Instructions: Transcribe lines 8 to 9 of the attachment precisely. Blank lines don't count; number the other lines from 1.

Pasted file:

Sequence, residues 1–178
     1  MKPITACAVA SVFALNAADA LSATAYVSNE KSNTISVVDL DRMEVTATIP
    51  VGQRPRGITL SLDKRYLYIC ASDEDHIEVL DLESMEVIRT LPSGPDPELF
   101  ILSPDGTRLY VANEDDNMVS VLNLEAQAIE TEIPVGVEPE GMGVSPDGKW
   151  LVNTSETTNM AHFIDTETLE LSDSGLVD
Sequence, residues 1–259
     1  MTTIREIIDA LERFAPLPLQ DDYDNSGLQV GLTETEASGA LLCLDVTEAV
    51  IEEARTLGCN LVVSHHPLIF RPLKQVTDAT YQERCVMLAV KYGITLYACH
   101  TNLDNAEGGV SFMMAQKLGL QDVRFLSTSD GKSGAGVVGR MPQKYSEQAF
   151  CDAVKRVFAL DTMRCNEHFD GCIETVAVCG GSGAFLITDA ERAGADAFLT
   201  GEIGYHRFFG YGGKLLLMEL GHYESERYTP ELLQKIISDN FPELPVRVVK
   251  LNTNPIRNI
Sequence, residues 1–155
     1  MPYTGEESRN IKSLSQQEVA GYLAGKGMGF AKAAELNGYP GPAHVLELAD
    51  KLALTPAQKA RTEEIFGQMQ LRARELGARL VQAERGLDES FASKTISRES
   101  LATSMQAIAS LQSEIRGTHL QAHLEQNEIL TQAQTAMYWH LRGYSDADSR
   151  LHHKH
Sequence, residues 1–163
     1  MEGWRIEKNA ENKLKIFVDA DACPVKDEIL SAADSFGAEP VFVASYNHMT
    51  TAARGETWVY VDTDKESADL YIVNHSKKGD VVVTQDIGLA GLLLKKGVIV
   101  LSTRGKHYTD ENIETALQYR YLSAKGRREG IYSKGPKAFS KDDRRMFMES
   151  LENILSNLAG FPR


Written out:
    51  IEEARTLGCN LVVSHHPLIF RPLKQVTDAT YQERCVMLAV KYGITLYACH
   101  TNLDNAEGGV SFMMAQKLGL QDVRFLSTSD GKSGAGVVGR MPQKYSEQAF